John Murray Press
LONGLISTED FOR THE 2019 ORWELL PRIZE FOR POLITICAL WRITING
Society has never known what to do with its rebellious women. Those who defied expectations about feminine behaviour have long been considered dangerous and unnatural, and ever since the Victorian era they have been removed from public view, locked up and often forgotten about.
Many of these women ended up at HM Prison Holloway, the self-proclaimed ‘terror to evil-doers’ which, until its closure in 2016, was western Europe’s largest women’s prison. First built in 1852 as a House of Correction, Holloway’s women have come from all corners of the UK – whether a patriot from Scotland, a suffragette from Huddersfield, or a spy from the Isle of Wight – and from all walks of life – socialites and prostitutes, sporting stars and nightclub queens, refugees and freedom fighters. They were imprisoned for treason and murder, for begging, performing abortions and stealing clothing coupons, for masquerading as men, running brothels and attempting suicide.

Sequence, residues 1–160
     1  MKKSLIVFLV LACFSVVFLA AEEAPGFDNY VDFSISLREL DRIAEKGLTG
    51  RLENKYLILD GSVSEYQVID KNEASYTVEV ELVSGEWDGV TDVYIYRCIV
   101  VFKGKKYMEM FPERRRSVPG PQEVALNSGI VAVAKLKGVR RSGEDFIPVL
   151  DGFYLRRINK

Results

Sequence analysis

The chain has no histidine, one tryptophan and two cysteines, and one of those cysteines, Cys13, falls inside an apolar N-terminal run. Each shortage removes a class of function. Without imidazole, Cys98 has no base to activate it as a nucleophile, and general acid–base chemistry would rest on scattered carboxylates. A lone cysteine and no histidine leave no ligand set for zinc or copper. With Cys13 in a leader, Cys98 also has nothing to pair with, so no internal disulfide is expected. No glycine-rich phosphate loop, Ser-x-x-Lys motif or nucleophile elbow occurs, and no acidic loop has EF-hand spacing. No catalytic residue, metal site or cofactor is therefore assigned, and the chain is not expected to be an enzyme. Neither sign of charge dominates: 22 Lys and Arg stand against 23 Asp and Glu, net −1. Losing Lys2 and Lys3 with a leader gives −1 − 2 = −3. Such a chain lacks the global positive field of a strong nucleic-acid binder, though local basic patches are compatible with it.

In Bad Girls, Caitlin Davies tells their stories and shows how women have been treated in our justice system over more than a century, what crimes – real or imagined – they committed, who found them guilty and why. It is a story of victimization and resistance; of oppression and bravery. From the women who escaped the hangman’s noose – and those who didn’t – to those who escaped Holloway altogether, Bad Girls is a fascinating look at how disobedient and defiant women changed not only the prison service, but the course of history.